Saturday, 22 September 2012

Forever Kekova

On of the best parts of meeting a Mediterranean country at its coastline (once you've filtered out the ugly clutter of mass tourism) is how satisfyingly parts of its scattered history begin to fall into place. For example, the placement of ancient ruins which, if you're being guided by the Lonely Planet are described as tricky to reach by road or public transport, becomes perfectly obvious when you're on a sailboat.

Kekova, where we've been idling away the past week, is a case in point. It's on a coast renowned for the severity of its mountains and for land-based travellers, it's remote.  Tourists who want to see this "watery paradise" (and we were surprised at how many do) have to organise themselves to get to the town still known as Demre (its Greek name) which is far from both Marmaris and Antalya. But if you're travelling by boat around the southwest of Turkey as people have done for many many centuries before ours, the accessibility of this beautiful stretch of sheltered water behind the four-mile long Kekova island looks altogether different, and it makes perfect sense to find it rich in ruins including a stunning Crusader castle built over the top of an ancient Lycian stronghold above Kale Koy.

The Lycians, in case you are as dim about ancient history as I have been until very recently, were first mentioned by Homer in The Illiad, but if you like your reading a little more contemporary you can glean a bit about them in Louis de Bernieres novel Birds without Wings. They're mostly remembered for their tombs which are mesmerising - I don't think you can take too many photos of Lycian tombs.

A few weeks ago we clambered over what's left of Xanthos which was one of the big six Lycian cities - there was an organised league of them, about 13 in all. Simena, which is the name of the sunken city that tourists peer at through glass-bottomed boats at Kekova, was one of the smaller ones. An earthquake toppled it into the sea in the 2nd century AD apparently.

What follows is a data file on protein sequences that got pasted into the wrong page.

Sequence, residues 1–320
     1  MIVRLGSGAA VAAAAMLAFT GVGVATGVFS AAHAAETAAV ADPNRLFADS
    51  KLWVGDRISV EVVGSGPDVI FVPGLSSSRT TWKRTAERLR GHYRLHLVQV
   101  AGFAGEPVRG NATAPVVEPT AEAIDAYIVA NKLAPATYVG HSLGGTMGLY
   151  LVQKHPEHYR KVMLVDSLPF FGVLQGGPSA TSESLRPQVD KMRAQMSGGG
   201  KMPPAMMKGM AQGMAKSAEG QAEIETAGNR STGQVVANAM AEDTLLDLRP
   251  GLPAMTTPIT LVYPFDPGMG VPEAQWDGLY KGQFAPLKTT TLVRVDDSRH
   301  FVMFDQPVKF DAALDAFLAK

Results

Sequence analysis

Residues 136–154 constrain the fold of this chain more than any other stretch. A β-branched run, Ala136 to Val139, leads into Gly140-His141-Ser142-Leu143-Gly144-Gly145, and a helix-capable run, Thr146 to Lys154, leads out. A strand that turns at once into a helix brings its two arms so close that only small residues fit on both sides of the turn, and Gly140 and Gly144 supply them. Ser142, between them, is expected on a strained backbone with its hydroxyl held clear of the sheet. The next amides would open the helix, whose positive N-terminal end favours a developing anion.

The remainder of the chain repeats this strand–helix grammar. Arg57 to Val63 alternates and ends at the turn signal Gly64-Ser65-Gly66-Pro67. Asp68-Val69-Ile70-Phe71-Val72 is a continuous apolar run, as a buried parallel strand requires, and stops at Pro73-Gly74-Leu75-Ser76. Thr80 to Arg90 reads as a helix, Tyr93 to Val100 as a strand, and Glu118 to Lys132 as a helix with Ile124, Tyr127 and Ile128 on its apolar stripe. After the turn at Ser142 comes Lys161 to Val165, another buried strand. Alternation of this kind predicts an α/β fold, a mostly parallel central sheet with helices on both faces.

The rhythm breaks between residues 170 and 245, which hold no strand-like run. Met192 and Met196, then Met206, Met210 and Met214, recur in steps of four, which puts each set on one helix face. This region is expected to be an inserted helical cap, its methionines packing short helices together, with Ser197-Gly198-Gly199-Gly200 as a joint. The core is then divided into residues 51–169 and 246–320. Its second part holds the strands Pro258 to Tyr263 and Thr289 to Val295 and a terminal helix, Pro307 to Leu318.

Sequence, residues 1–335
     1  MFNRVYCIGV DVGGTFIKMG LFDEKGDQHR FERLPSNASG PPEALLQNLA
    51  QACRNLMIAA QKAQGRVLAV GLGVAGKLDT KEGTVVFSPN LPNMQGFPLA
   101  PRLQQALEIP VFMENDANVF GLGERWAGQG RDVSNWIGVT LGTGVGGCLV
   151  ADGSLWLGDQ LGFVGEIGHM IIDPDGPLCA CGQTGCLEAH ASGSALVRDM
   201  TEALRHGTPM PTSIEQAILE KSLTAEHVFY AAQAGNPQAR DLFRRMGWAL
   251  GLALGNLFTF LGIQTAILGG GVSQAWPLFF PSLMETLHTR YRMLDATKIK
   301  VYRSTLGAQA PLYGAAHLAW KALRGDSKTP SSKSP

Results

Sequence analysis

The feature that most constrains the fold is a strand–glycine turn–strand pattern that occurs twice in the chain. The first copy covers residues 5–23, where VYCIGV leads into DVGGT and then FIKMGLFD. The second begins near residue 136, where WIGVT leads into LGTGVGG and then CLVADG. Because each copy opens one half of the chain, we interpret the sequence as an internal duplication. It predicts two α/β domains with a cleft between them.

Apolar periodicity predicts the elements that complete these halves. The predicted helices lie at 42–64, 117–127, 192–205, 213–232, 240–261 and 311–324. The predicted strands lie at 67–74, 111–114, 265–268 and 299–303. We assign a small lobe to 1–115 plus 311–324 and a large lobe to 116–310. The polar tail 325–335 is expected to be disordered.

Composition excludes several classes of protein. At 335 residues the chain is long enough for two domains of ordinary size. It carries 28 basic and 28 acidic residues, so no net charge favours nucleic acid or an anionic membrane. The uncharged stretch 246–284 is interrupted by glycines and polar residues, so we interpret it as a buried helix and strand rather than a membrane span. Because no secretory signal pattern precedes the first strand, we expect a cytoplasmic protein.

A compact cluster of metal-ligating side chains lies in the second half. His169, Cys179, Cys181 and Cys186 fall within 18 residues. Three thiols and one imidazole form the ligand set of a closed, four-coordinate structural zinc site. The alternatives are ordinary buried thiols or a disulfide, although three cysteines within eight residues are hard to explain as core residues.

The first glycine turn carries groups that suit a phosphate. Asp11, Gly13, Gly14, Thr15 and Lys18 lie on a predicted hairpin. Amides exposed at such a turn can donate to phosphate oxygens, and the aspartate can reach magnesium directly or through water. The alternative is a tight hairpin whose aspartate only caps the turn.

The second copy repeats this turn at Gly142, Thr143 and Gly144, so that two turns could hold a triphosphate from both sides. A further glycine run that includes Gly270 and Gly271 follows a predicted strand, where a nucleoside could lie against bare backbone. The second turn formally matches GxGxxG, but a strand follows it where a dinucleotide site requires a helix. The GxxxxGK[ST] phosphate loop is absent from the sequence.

When we arrived into Kekova, we saw only the water and the rocks. Rocks to be dodged primarily. But then, as our eyes acclimatised, it became like looking for Wally and we saw them - lintels, steps leading into the water, roof shapes, interior walls.  People lived all around the water, just as we do in Sydney. Louisa Rd, I muttered to Alex. Will people be squinting at the sketchy outlines of sunken Birchgrove mansions and infinity pools in the future, after the rising tide has covered Sydney's waterfront properties?

There are two small settlements around Kekova (which is the name for the body of water between the island of that name and the mainland). Both have been inhabited since 400 BC, or thereabouts. Ucagiz, a grubby little place which takes the brunt of the tourist trade and is accessible by road, has the accoutrements of modernity - carpet shops, tourist operators, public toilets - and Lycian tombs. We went in to drop off our rubbish, sat down in the shade for an orange juice (drawn to a corner cafe by the sound of jazz) and mutely communicated with a very old lady who sat beside us to catch her breath. She had such beautiful hands, hands to be proud of. As the vege man had produce to boast about.

 The other settlement, Kale Koy, is a pretty little hamlet where development, we learned, has been more or less  frozen by Turkey's richest family, which owns a luxurious house, with helipad, sitting pretty under the castle - we figured this house in the picture below, built over a Lycian rock tomb, must be it).

It's from the castle above Kalekoy that you get the best sense of the importance of Kekova. He who owned that view owned the waterway (the gecko thinks it's his now).

 The man who takes the 8 TL for your entry ticket, and importantly buzzes you through the electronic gates, is the same man who pants up the long stairway to the top of the castle carrying a bundled up Turkish flag bigger than a bedspread which he hoists just in case anyone is in doubt as to who owns this trophy ruin now (and it's a fair guess that it wasn't the Turks a century ago).

The jewel inside the Crusade fortress is this tiny amphitheatre below, unmistakably Lycian, and there are also Roman-style baths. Such a muddle.

I got myself into a bit of muddle over a fringed scarf. Wherever there is a ruin, there are people making money out of it. Fair enough. I just don't know how to say no. Alex stands back, amused, as I allow emotion to  interfere with the deal - but I couldn't disappoint her, could I?  She'd spent the winter embroidering the borders, she said (why do I doubt? too much exposure to cheap Chinese haberdashery?). Oh well, I may yet wear a Turkish headscarf to cover my head against the wind, already much cooler than it was two weeks ago.

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